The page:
The $9 Quasi-duino (Almost-duino)
Do you currently have an Arduino and want to make it smaller for cheap? The Quasi-duino is for you (Italian for almost-duino). This makes a functional “almost” Arduino, in a very small form factor using the narcoleptic library for pico-power operations on a pico-space breadboard. This ‘ible will use Arduino 1.0. All of your Arduino code that you have made does not have to be formatted for the Quasi-duino!
I have found multiple places that you can use your Arduino without a crystal, voltage regulator, USB interface, or even without the reset button. These can all make a difference in your project. With the Quasi-duino, I wanted to use the minimum possible components, minimum possible power, but still with the basic Arduino capabilities.
This project will require you to download a new Arduino core for the Quasi-duino that I developed. It is provided later in the instructable.
Step 1: Parts
Needle Nose Pliers (Everyone should get a pair of these anyways)
The Quasi-duino core (will explain later)
The Narcoleptic library for Arduino (compatible with Arduino 1.0)
You can get all of the parts you need at Sparkfun:
** Essential Parts for Quasi-duino ($8.75)
Mini Breadboard http://www.sparkfun.com/products/7916 $3.95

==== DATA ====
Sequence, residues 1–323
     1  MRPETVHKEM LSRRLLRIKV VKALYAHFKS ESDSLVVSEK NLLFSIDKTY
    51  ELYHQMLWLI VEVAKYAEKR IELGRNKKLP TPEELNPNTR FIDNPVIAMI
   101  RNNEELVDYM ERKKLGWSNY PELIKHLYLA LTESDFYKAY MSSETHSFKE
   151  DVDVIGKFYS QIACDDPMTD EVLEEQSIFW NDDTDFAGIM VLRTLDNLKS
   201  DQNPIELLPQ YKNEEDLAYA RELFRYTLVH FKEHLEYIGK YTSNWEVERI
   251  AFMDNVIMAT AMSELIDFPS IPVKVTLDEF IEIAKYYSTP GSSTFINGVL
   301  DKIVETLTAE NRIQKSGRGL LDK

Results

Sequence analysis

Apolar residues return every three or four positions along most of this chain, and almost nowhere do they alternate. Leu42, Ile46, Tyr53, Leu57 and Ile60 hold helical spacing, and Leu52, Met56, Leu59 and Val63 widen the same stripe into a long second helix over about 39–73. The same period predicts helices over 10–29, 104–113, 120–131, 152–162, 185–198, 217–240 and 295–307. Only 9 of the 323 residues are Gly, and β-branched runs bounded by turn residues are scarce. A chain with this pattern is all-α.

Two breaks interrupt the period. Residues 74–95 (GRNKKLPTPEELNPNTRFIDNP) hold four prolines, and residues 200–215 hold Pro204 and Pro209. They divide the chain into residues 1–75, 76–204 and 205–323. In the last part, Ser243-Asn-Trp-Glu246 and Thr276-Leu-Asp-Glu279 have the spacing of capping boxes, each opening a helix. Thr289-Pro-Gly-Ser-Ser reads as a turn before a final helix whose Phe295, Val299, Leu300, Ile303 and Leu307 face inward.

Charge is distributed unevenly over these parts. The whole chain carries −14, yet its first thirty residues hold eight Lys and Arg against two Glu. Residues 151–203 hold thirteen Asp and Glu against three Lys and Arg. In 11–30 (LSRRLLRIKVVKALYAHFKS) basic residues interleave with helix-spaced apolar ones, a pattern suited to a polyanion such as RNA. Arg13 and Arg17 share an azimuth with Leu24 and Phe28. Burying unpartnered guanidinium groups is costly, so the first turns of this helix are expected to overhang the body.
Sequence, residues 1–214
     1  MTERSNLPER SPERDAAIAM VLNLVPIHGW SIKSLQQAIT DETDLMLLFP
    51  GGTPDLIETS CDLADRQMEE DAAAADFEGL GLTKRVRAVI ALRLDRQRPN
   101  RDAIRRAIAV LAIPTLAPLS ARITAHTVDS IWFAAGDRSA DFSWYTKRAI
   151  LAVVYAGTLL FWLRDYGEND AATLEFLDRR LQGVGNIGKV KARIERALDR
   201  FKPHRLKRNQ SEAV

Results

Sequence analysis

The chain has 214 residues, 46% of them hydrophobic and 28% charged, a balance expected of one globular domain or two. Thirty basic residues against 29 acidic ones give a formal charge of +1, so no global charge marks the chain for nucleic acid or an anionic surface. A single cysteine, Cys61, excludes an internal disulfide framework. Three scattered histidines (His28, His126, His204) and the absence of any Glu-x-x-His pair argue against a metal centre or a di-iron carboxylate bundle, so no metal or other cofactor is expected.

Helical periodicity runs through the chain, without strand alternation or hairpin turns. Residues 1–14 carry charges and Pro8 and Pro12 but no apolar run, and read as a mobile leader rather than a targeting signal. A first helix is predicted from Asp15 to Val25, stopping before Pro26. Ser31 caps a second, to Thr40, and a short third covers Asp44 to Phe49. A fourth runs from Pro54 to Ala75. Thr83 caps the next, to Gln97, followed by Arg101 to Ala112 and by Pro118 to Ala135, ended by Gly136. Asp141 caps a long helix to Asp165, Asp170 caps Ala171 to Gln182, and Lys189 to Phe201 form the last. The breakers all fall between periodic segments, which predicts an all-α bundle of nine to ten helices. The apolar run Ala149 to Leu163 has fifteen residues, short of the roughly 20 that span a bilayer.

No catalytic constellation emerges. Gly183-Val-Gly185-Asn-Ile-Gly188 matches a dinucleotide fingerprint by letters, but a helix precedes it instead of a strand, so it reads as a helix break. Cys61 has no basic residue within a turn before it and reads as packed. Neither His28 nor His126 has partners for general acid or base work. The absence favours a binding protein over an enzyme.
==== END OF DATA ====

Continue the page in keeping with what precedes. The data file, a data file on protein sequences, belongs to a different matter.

Mini Push Button Switch – Tall (Most of you will want the tall button because it is easier to incorporate in your project) http://www.sparkfun.com/products/8605 $0.50
ATmega328p http://www.sparkfun.com/products/9061 COM-09061 $4.30
** The following items need to be purchased only once, and can be used to make multiple Quasi-duinos later ($3.10)
Resistor-330 Ohm http://www.sparkfun.com/products/8377 $0.50
16MHz Crystal (needed for bootloading, but not for the completed project) http://www.sparkfun.com/products/536 $0.95
22pf Capacitors (2) http://www.sparkfun.com/products/8571 $0.50
LEDs (2) http://www.sparkfun.com/products/532 $0.70
10uf Capacitor (for disabling the auto-reset on you Arduino UNO) http://www.sparkfun.com/products/523 $0.45
Extra Breadboard (nothin’ special, just a basic one for LEDs)
Arduino UNO or later (Most of you will have one already) ** for users of older Arduinos, please see the bottom
LiPo (get these at Sparkfun too, they’re cheap and rechargeable for your small projects!)
LiPo Charger (you’ll need one of these if you’re getting the LiPos)
** Note for users of old Arduinos: You can try an older Arduino in this project, but I have not tested them yet. You still should be able to do this project. I will make notes on the bottom of the pages that (I think) are different for older Arduinos.
Step 2: Assemble Away!
2. Connect a wire coming from GND (pin 8) of the left side to the very top of the breadboard.
3. Connect a wire coming from GND (this time pin 22) of the right side and connect it to the second highest point of the breadboard.
4. Take a piece of wire, enough to fit across the middle of the breadboard, and strip the whole length of it off.
5. Connect that wire across the middle of the breadboard at the second highest point.
6. Connect RST (pin 1) of the ATmega328p to the next pin on the breadboard higher.
7. Connect the top of the breadboard on the left to the next pin down.
8. Insert the button on top of the bare wire, in the middle, above the ATmega328p.
Step 3: Bootloading the ATmega328p
For more details, click: The $9 Quasi-duino (Almost-duino)
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